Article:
You’ve probably heard that pregnant women should take omega when they get pregnant, however, how many of you know the reason why pregnant women need omega…?
In this article, we will explain why you need to take omega when you get pregnant.
The Growth of a Baby
The first 1000 days of a baby’s growth are from the moment of conception until the second birthday. This is an irreplaceable period of time for parents to positively impact their baby’s long-term physical and mental health and help them reach their full potential.
The second half of pregnancy and young adulthood are critical periods for brain growth; DHA is the major lipid constituent of the brain, and the brains of fetuses and young children require a large accumulation of DHA as they grow. A 2009 study by Kannass et al. showed that infants born to mothers with high blood DHA levels at delivery had higher levels of concentration duration at age 2 years.
Recommended Requirements of DHA for Pregnancy
The recommended requirement for women during pregnancy is 500 mg per day, either from a diet of fatty fish or other sources, or from DHA-fortified foods, beverages, or dietary supplements.
A 2018 Cochrane review found that supplementation with long-chain omega-3 fatty acids during pregnancy reduced the risk of delivering a preterm infant (<37 weeks) by 11% (25 trials, 10,184 participants) and the risk of early preterm birth (<34 weeks) by 42% (9 trials, 5,204 participants) compared with no supplementation with long-chain omega-3 fatty acids. They found high quality evidence that the risk of preterm birth (<34 weeks) was reduced by 42% (9 trials, 5,204 participants).
Considering these findings, the authors concluded that 500 to 1,000 mg of long-chain omega-3 fatty acids, DHA and EPA per day, plus a minimum of 500 mg of additional DHA per day, would be most effective.
The Norwegian Omega Study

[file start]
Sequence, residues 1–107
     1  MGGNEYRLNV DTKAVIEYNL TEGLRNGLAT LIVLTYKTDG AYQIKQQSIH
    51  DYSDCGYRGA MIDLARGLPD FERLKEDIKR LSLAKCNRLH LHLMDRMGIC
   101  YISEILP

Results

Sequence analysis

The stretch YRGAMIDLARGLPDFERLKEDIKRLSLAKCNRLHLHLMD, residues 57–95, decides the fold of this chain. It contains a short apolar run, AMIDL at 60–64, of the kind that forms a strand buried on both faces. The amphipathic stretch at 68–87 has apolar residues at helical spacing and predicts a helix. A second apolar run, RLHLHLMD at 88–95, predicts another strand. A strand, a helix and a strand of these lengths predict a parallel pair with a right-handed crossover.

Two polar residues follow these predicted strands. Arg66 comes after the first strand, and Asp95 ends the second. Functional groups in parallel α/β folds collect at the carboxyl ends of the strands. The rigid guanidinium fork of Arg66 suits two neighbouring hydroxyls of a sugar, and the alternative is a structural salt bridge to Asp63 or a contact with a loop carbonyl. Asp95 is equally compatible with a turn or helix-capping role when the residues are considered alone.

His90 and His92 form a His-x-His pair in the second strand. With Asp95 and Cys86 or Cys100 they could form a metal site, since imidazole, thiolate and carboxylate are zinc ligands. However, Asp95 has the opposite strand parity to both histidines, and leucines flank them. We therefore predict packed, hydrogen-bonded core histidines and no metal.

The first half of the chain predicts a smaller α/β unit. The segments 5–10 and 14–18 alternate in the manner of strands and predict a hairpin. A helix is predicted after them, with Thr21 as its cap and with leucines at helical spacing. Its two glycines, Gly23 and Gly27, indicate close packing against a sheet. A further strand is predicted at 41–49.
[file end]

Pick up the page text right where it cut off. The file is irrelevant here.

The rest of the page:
A Norwegian study measured maternal DHA blood levels at 28 weeks gestation and three months after delivery and correlated them with blood fatty acid levels in infants at three, six, and twelve months of age, as well as with problem-solving ability in infants at six and twelve months of age.
The DHA status of pregnant women was found to be positively correlated with the problem-solving ability of 12-month-old infants, even after accounting for easily misinterpreted factors such as maternal education, which was used as a proxy for socioeconomic status. They also found that DHA status in 3-month-old infants was positively correlated with problem-solving ability at 12 months of age.
They conclude that these results reinforce the importance of pregnant or lactating women getting adequate DHA in their diet or from other sources.
Other potential benefits of DHA in pregnancy have also been studied; more than 30 years ago, scientists reported on how women in the Faroe Islands who consumed omega-3 rich seafood in their diet had longer pregnancies and their children had higher birth weights than children in the Danish mainland.
Did you know?
A recent, large review of several studies concluded that omega-3 PUFAs reduce the risk of preterm birth. To investigate this further, the Adore Trial, a 2017 US study, is investigating the impact of DHA on reducing preterm birth. Since inflammation is a well-known cause of preterm birth, the authors reasoned that DHA may be beneficial due to its anti-inflammatory properties.
DHA supports proper maternal or fetal health and is essential for a healthy pregnancy. Currently, it is recommended that pregnant women consume a minimum of 500 mg of DHA omega-3 per day. However, only a very limited number of women consume the recommended level, and if you are already pregnant or planning to become pregnant, you should consume plenty of fruits and vegetables, good fats and proteins.